Here's your error: ".If the coefficient of static friction, and thus
the force of static friction, is increased..."
The coefficient of static friction describes the *maximum* force that
an object can resist before sliding, but the force applied by the
surface is simply "enough" to prevent motion -- in other words, it is
equal (and opposite) to the force applied by the object, and *not* a
function of the coefficient of static friction. Increasing the
coefficient of static friction does not increase the force applied by
the surface in examples where the ball would roll. The only time the
coefficient of static friction gets involved is when the force exceeds
the threshold of force possible with static friction (which *is* a
function of the coefficient of static friction) and turns into a
sliding/rolling combination (kinetic) friction problem. In those
examples, increasing the force of static friction might cause the ball
to return to a rolling-only example, instead of sliding/rolling.
If you were to change the angle of the incline, or change the force of
gravity, or reduce the coefficient of static friction, you could
achieve examples where the ball slides, rather than rolls. In these
examples, the coefficient of kinetic friction would govern the force,
not the static friction - there would be a momentary force governed by
the static friction, that would immediately drop, according to the
kinetic friction coefficient. The only example where the force
experienced by the ball is a function of the coefficient of static
friction is where the force experienced is precisely at the cusp of
sliding -- that is the threshold of static friction.
Hope this helps,
The torque is only going to increase through the addition of friction as long as the ball is slipping. Once the ball is rolling without slippage I do not think you will get any further increase in torque. Where would it come from if you did? Since friction is the force that tries to keep the ball from skidding along, once the ball rolls freely the static friction is not doing much.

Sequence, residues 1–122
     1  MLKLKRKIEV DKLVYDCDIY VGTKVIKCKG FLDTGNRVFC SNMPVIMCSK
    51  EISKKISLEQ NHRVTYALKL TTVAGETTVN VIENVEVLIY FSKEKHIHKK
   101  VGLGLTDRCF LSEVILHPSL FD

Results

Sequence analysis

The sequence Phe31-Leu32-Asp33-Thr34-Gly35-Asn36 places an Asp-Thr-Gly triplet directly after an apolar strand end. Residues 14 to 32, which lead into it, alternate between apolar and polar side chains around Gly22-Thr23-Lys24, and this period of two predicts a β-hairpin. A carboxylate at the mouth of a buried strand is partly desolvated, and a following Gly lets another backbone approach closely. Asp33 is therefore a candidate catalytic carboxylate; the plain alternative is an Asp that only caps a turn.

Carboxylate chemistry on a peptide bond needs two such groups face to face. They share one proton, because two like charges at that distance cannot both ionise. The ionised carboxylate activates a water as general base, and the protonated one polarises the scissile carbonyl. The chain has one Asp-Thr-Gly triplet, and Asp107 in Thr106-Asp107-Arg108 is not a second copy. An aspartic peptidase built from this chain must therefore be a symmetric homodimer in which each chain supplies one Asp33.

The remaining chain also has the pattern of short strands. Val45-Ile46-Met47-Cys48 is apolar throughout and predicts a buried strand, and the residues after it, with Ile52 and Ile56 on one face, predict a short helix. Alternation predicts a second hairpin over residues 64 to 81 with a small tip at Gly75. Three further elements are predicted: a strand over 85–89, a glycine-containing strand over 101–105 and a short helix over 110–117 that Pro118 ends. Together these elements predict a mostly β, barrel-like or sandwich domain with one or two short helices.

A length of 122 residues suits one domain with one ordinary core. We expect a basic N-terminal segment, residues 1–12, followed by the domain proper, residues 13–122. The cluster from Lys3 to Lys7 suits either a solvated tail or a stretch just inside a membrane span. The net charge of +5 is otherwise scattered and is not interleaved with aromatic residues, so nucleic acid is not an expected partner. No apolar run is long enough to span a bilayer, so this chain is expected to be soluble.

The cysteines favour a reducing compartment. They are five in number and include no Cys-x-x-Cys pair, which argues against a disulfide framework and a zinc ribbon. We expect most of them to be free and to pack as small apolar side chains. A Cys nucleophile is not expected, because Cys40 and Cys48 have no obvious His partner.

To put it another way, the fastest friction can get the ball rolling will be at the point where the ball is no longer impeded by friction. Now maybe if you had the ball rolling on a very sticky surface you could stretch out the range where friction continues to affect the rotation of the ball. On a hard surface static friction only effects the object when it first begins to move. After that there are some dynamic friction forces that tend to oppose movement--like wind resistance.
The other limiting factor is acceleration due to gravity, which is the force propelling the ball in the experiment. The movement of the ball is impeded as long as static friction prevents the ball from rolling freely under the force of gravity. When static friction no longer has an effect you will get the maximum effect of gravity on the rotation of the ball.
I hope I have correctly understood your question, and that this helps a little.
A greater static friction coefficient does not result in a greater static friction force. It only affects the maximum possible static fiction force. So long as the maximum possible value is not surpassed, the static friction force is only as large as is necessary to prevent the surfaces from sliding. Although the kinetic friction coefficient sets the force, the static friction coefficient sets the limit.
Dr. Ken Mellendorf
Illinois Central College